I can read all the statistics on modes of transportation and their relative track records, but it still comes down to an increasingly cost-driven, for-profit industry that is paying its pilots half of what they made in the 1950s, while demanding twice to three times the intellect. Today’s crop of pilots, unlike those at the start of the aviation industry, have little experience flying under stressful conditions. Most of the pilots of the 50s to 70s were war vets with nerves of steel and incomparable experience encountering novel situations in flight.
Add to this the fact that today most aircraft are computerized and take the control out of the hands of the pilot altogether. On top of having young and unseasoned people in the cockpit (on 9525, early 30s, late 20s), they just cannot fly the plane manually the way older pilots can. Over and over again, there have been accidents caused when they become confused due to an an electronic glitch. I scratched Air France because of those malfunctioning and ridiculous pitot tubes.
So, I have a complex formula that I apply to choosing a flight. Some of the parameters I consider are the maker of the plane, preferring Boeing to the rest, the engines — no Rolls Royces; the size of the plane, 757 and larger, only. The track record of the airline, United and Delta and perhaps Southwest are my only carriers now. I used to like Swiss Air and Lufthansa but no more European carriers for me for all sorts of reasons, some of which I spoke about in earlier posts.
I sit over the wings, one row behind the doors. I wear sturdy shoes and cotton socks, comfortable skinny pants and warm layered shirts and tops — no synthetics to melt into the skin in a fire. I carry a small smoke mask. I take no substances at all for calming purposes — except SamE and Calc/Magnesium, and immediately don a sleep mask and ear buds to block the whole experience out. I carry my own light healthy snacks and water. I pack only a carry-on bag that I can put right in front of me, under the seat.
I make sure I am rested but I want to be upright and alert instantly so I can get out of that plane, climbing over the row in front of me and out onto the wing, if need be. I wear my ID around my waist or put it in a pocket with my phone so there is no temptation to waste time grabbing anything. I never take any of their refreshments and I wipe down the tray and the seat back and arms with an alcohol towlette, to remove germs. Then I put my own towel behind my head. Planes are petri dishes for many things, including MRSA.
What an ordeal. Who needs it?
There are airports I avoid as being notoriously unsafe for differing reasons: JFK, La Guardia, Boston, Atlanta, SFO, and LAX. When I am sitting waiting to board, I check out every passenger and the crew as well. Believe me, I would walk away now if I saw anything that set off my alarm bells.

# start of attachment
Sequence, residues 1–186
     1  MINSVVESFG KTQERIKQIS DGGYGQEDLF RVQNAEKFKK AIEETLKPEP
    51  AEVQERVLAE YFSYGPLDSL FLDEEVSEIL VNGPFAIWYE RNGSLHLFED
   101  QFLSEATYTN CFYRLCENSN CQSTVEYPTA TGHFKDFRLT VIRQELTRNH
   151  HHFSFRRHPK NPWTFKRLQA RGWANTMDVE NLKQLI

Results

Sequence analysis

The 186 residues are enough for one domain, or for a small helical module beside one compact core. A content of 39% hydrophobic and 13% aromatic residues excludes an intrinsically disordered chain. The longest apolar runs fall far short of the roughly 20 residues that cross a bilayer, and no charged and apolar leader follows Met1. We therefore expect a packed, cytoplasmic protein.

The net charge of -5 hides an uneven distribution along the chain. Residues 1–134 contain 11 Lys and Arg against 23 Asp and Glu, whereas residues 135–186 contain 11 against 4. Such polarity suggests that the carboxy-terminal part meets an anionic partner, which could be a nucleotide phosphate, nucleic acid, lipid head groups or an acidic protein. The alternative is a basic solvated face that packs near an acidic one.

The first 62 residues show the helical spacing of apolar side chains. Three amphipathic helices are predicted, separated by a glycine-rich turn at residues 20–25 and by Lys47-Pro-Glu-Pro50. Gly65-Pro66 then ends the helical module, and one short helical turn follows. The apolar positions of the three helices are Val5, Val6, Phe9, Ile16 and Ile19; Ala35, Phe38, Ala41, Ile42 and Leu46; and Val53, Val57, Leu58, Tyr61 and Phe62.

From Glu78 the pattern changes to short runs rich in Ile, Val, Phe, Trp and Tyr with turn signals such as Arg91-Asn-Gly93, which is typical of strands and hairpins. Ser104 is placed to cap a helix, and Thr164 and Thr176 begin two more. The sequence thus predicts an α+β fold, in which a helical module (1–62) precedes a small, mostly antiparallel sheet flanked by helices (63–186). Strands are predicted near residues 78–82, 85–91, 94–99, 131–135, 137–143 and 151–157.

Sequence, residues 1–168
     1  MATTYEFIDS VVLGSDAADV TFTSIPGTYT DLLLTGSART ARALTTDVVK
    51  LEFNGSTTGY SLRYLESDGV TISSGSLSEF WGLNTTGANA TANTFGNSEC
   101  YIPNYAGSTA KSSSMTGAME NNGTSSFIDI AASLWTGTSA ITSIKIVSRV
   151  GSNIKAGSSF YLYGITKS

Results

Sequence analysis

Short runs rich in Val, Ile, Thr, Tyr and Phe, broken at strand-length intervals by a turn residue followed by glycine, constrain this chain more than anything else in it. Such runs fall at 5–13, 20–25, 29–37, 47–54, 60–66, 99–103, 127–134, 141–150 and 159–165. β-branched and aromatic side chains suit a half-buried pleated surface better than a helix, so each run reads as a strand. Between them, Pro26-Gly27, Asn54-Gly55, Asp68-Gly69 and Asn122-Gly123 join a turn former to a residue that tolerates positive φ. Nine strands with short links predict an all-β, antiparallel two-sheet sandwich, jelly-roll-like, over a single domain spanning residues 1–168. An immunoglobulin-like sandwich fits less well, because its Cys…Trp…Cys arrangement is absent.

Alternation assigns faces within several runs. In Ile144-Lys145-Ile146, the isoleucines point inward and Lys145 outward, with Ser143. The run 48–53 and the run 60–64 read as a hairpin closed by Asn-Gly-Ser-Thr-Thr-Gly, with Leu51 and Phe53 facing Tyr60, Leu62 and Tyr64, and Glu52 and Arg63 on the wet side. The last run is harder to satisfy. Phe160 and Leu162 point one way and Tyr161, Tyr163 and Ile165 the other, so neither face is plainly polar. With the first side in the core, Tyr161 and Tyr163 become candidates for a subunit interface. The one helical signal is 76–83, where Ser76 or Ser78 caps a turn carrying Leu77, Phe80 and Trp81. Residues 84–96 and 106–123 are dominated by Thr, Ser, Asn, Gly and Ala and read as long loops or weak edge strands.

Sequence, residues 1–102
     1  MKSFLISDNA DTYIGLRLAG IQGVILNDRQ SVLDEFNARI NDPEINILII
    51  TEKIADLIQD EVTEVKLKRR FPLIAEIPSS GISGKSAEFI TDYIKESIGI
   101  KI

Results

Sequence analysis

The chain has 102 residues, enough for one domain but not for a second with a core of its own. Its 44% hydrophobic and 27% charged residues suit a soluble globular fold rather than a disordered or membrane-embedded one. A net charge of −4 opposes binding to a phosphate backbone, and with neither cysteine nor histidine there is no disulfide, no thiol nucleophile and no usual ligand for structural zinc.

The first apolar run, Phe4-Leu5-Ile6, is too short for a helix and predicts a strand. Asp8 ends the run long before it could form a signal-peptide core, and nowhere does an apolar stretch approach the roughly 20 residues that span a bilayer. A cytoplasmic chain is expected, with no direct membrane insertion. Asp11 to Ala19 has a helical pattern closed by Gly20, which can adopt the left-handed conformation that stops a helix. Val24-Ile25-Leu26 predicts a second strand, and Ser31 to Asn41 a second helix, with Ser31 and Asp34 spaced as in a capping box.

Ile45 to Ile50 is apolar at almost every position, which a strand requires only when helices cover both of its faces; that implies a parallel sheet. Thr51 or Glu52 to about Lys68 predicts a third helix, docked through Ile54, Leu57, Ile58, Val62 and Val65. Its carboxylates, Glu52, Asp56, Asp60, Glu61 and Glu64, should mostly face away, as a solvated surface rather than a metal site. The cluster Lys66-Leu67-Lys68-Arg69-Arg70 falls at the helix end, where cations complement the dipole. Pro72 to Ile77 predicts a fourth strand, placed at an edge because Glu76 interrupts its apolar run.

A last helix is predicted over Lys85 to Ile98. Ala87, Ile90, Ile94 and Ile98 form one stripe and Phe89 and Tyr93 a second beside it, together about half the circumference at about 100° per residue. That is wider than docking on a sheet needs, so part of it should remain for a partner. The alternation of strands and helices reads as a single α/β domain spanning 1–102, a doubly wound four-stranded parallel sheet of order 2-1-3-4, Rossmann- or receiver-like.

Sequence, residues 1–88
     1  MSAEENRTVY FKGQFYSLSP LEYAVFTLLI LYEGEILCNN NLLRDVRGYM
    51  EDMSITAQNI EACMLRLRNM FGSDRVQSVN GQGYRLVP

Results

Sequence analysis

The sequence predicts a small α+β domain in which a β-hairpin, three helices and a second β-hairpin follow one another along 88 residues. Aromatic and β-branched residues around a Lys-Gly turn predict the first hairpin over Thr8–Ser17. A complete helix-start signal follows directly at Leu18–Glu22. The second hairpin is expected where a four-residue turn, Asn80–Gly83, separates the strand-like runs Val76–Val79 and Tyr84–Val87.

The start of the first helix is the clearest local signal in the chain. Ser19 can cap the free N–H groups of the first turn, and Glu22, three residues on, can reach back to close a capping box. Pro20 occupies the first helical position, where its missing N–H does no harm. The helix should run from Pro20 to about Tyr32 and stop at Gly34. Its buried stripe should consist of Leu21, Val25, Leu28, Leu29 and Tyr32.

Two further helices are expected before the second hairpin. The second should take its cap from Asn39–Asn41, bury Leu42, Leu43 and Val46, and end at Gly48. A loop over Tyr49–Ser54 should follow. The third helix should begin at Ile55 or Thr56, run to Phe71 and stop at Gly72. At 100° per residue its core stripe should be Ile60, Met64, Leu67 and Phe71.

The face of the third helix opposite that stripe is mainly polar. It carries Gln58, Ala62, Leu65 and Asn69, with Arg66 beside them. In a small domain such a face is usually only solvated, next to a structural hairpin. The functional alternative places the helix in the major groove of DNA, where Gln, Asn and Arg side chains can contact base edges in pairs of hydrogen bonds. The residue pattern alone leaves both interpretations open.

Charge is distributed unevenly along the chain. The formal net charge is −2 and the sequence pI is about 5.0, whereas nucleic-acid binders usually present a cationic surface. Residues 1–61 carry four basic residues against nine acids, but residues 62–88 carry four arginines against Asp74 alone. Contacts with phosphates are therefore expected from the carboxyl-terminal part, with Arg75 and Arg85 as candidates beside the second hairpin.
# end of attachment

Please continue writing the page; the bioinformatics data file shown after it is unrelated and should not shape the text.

But let me say that what the authorities saw in the cell video snippet on 9525 is exactly why I think hard before flying. It is not death that deters me. It is the chaos and pandemonium, the terror that those poor people experienced for a full 8 minutes while that plane dove into the Alps. That is what I want to avoid if I can. Why put myself through that? For what? Luckily I have been on every continent except Antartica and Australia/New Zealand. I have traveled to every type of culture, and often. I don’t need to see the world anymore. I get it, appreciate it, and can leave it there. In fact, those memories stay intact if I don’t return to see places ruined or perilous (like France, which I love).
Flying poses a certain type of dilemma: statistically it is unlikely that any of us will be involved in a fatal plane disaster. However, if we were to be one of the unlucky who were 38,000 feet in the air when something goes terribly wrong, it is 100% certain that we won’t survive and will be traumatized horribly in the process.
That is what I reject and want to avert. Yes, mechanically airplanes are safer and more sophisticated than ever. But all the statistics are based on a time when pilots were mature, trained, experienced and seasoned; when no terrorists could figure out ways to destroy planes at every stage; when you didn’t need to fear the baggage handlers or foolish young men thinking they are going to heaven by blowing themselves to smithereens; when airlines weren’t trying to make their CEOs and shareholders millionaires and billionaires but actually provided a pleasurable experience to the customer, whom they at one time valued and rewarded. Today you sit in an 18″ square, hard seat, on a dirty aircraft barely cleaned or maintained between flights, built by lowest bidders and mechanics with little or no training and skill, paying dearly for cheap microwaved cafeteria food and for each bag you entrust them to send with you to your destination.
No thanks, folks. I will travel by car or train first. This latest incident is not unusual by comparison to what it would have been even fifteen years ago. I am ex’ing plane travel for the forseeable future, probably including the family trip to Costa Rica this summer. Nope, I have enough stress living in a place with only twelve months of groundwater remaining and political gridlock. I don’t need to put my life in the hands of these people who value me so little.
Images: Beth Byrnes / more of the Valencia yard